Tuesday, 19 August 2014
The changing scenes of life
One very convenient services has disappeared from my life in the last few weeks and another is about to go.
The one that's already gone is the delivery of the morning paper. We're all aware of the declining circulations of newspapers and magazines, not least from the frantic and often ludicrous attempts they make to try to maintain sales and revenues. All those silly supplements. There are so many sections of the Guardian I dispose of unread that buying it is probably the most environmentally unfriendly thing that I do.
The "knock on" effect of this decline is becoming increasingly evident. Within living memory there were four dedicated newsagents to serve our urban village. The first one I used is, after the retirement of the owner, now an Indian take-away. The second went bankrupt and is now a television repair shop. The third struggled along until about two years ago, but their game efforts were torpedoed when the Co-op, opposite, itself began to sell newspapers. Retaliation by selling wines, sandwiches, milk and pop proved ineffective and the shop is now an estate agency. The final one still continues in the trade because the owner can't find a buyer, but the daily delivery of the papers has been abandoned.
I suppose it's a bonus that, by adding half a mile or so to my daily jog in order to collect the paper myself I get extra exercise. Fine, but what about when it's raining:: I'm a fair weather only jogger. But it's an end to the "paper boy", and nowadays, girl. How are future generations of school children to earn the odd bob by independent endeavour?
The second service which is about to to disappear, is, effectively, the "next day" delivery of mail. I've been away for week participating in the splendid Cranleigh Choral Week, which culminated in a stunning performance of Elgar's "Dream of Gerontius" in Guildford Cathedral last Saturday. On my return I find a notice on the post box just round the corner that, from mid September, instead of the current "final collection" at 5.45 pm, in future the box will be emptied "no earlier than 9am on weekdays and 7am on Saturdays." This means that anyone who posts a letter during normal waking and working hours can expect that it probably won't be collected until the following day, and, presumably, not delivered until the day after that. This, says the notice, is to "increase efficiency." Efficiency of what? Or for whom?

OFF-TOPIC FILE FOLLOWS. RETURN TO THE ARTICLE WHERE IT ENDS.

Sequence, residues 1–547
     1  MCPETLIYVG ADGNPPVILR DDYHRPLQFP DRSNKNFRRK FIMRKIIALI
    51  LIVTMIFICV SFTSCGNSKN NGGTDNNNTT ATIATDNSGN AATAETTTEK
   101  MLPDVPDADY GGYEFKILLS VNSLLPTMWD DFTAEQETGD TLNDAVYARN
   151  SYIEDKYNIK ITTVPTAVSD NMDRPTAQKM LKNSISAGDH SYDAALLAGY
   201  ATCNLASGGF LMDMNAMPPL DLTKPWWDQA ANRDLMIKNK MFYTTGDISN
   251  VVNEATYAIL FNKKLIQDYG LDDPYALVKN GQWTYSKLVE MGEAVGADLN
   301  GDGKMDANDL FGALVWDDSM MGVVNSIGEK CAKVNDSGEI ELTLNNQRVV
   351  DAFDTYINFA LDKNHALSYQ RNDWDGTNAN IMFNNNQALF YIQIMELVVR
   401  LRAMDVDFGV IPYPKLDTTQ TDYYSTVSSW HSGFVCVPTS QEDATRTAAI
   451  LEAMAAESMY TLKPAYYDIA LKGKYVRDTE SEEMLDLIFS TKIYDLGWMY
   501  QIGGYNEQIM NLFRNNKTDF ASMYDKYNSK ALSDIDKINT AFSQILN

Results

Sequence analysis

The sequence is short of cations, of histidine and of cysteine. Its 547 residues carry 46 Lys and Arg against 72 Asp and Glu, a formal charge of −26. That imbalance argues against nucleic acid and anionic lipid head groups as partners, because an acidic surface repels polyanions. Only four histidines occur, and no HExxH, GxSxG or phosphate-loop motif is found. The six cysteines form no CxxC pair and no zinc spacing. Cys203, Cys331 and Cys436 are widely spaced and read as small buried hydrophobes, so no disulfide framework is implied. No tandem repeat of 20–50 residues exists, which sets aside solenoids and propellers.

My first reaction was one of indignation. It's difficult to remember what stamps cost these days as they no longer display the price on the stamp itself (just 1st or 2nd class) but the prices were hiked upwards about a year ago to prepare the service for privatisation (or so most of us believe) and have been hiked again since part-privatisation to a mind boggling 62p (12/4d in real money) for a first class letter and 53p (10/6d) for second class.
But, on reflection, does it really matter? Is this not really just part of the changing scenes of life: a sensible reaction to the changing state of technology? Businesses with communications which need to be sent urgently will phone, fax, text or email them. The same facilities (perhaps not fax) are available to the rest of us. The only written communication for which most of us really need a guaranteed delivery date is a birthday card, and we can get around that one by posting well in advance and writing on the envelope: "Not to be opened until....". In fact, it's a curious convention that birthday cards should not be received until the day, but Christmas cards are received weeks ahead and opened and displayed as soon as they arrive.
Even so, I'm a bit irked to have to pay over ten bob just to post a letter, and then receive a diminished level of service.